[Originally published on the Australian Government Public Sector Innovation Network under a Creative Commons 3.0 BY AU licence]
On the blog we often focus on what is happening in Australia and touch upon some of the overseas developments in public sector innovation. Many of the relevant reports and case studies point to similarities in the issues being faced here and overseas in strengthening public sector innovation capability. But is that really the case? Do public sector agencies across the world have similar innovation experiences?
Recently I was invited by the Taiwan Public Governance Research Center (TPGRC) to speak at the International Conference on Best Practices and Innovations in Public Governance in Taiwan.
The conference involved a range of international practitioners and experts. Along with my presentation on what has been done in the Australian context, there were some interesting case studies from various countries including:
- The Online Free School Meals initiative from the UK’s Department for Education, which has worked to streamline the application process through greater and better use of online components. It has resulted in improvements in the audit process, increased uptake of the program, improved customer satisfaction and savings in the process. You can read more about the award winning case study in an interview with the program director.
- Taiwan’s domestic violence support hotline (113 Protection Hotline). The presenter outlined how elements of the system have been centralised to bring a coordinated approach to the calls that had previously gone to individual county contacts. This had led to increased use of the hotline, decreases in call waiting time, and positive reception by the public.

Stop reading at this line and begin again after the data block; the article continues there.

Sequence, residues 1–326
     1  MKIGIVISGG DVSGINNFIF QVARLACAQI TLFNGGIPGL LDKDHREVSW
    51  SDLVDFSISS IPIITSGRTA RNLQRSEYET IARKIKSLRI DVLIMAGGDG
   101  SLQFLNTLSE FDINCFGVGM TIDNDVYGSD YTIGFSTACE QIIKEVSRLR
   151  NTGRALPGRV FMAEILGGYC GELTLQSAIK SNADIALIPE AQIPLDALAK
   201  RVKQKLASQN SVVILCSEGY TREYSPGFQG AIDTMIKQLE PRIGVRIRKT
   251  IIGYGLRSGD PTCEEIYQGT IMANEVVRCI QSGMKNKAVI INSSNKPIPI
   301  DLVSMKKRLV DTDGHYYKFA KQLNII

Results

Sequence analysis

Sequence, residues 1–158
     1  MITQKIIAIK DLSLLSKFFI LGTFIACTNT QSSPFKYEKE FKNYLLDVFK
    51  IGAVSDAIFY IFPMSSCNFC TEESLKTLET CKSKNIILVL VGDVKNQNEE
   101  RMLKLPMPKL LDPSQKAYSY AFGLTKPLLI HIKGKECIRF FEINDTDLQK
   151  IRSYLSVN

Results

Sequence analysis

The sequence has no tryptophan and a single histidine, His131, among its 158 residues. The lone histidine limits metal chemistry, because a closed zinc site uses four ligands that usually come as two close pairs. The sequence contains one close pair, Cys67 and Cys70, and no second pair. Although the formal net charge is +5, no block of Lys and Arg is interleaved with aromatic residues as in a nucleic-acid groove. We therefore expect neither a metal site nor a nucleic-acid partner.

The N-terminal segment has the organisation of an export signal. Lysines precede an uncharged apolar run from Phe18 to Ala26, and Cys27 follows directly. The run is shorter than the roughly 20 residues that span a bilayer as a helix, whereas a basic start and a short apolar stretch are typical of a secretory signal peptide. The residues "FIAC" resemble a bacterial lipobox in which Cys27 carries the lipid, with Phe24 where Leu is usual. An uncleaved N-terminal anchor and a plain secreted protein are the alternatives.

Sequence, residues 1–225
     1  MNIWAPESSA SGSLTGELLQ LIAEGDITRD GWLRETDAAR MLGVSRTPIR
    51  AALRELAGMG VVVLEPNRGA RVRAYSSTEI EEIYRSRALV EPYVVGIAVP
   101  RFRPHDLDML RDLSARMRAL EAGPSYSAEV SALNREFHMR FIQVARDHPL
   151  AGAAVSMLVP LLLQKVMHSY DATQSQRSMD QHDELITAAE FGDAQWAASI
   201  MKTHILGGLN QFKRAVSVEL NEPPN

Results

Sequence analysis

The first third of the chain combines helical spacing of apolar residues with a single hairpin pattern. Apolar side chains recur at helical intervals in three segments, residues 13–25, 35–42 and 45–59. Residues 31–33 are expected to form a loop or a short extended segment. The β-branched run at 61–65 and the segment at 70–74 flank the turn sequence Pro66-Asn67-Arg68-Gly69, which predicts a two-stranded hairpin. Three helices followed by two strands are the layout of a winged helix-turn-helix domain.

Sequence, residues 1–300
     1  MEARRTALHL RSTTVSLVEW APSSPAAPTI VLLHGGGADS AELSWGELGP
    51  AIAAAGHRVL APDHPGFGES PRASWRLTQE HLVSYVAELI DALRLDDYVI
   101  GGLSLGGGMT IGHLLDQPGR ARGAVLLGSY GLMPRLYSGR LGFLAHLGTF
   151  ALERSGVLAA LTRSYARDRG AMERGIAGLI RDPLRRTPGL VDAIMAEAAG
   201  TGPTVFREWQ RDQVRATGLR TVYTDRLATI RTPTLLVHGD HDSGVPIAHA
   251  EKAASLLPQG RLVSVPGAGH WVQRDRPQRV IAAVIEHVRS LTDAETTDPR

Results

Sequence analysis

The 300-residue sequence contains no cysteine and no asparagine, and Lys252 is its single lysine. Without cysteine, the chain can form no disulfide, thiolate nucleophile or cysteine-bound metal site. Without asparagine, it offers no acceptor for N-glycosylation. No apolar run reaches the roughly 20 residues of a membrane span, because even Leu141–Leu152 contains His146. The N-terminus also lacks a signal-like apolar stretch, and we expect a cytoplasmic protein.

- The re-development of the process for employment passes (work visas) in Singapore. The presenters outlined how the application process had been looked at through a design perspective including understanding the customer viewpoint and experience. The revised process has been met with increased customer satisfaction and better results for all parties. You can read more about the award winning case on the Ministry of Manpower’s site.
There were also presentations from Korea, the US, and Japan covering a range of cases in innovation. The presentations were followed by insights from expert discussants.
The conference affirmed for me that while many differences exist in public sector agencies work around the world, we all face similar challenges and have similar drivers for change.
One of the other Australian participants, Professor Wanna from the Australia New Zealand School of Government (ANZSOG) noted the innovations presented were strongly linked to the mission of the respective organisation. I think this is an important aspect of successful innovation – it is driven by the strategy and purpose of the organisation and the needs of its stakeholders.
There were common experiences around the marshalling of resources and management structures for the different case studies. Innovators need to work within organisations and through networks as opposed to simply being able to make a change happen. This reinforces innovation as a process rather than just an outcome.
It was also clear that, as is the case in the APS, it is important for public servants in other jurisdictions to be able to innovate in order to be happy, effective, and respected in their work.
Many of the innovations presented revolved around the application of better ICT/online technology which allowed for improvements in processes and capabilities. They were often user/citizen centric in their focus. Numerous good questions were asked, but one that particularly resonated with me was ‘what’s next?’
After these ICT innovations, what will be the innovations that bring the next wave of results? For me this relates to the types of innovation identified in Empowering Change: Fostering Innovation in the Australian Public Service. Services and service delivery innovations are important, and have been helped by ICT and the Internet, but the next wave of innovations will likely be needed in policy and conceptual terms – in how we think about and conceive problems and possible solutions. But I think these types of innovations are much more difficult and we do not yet know as much about how to bring them about as we do with service delivery innovation.
To finish, I’ll share one thing from the conference that I think sums up the spirit of the presentations. As one of the presenters, Professor Edward H. Chow, said “Dare to dream. Follow your heart. Execute your plan.” I think this is good advice for all who want to innovate, regardless of where they are.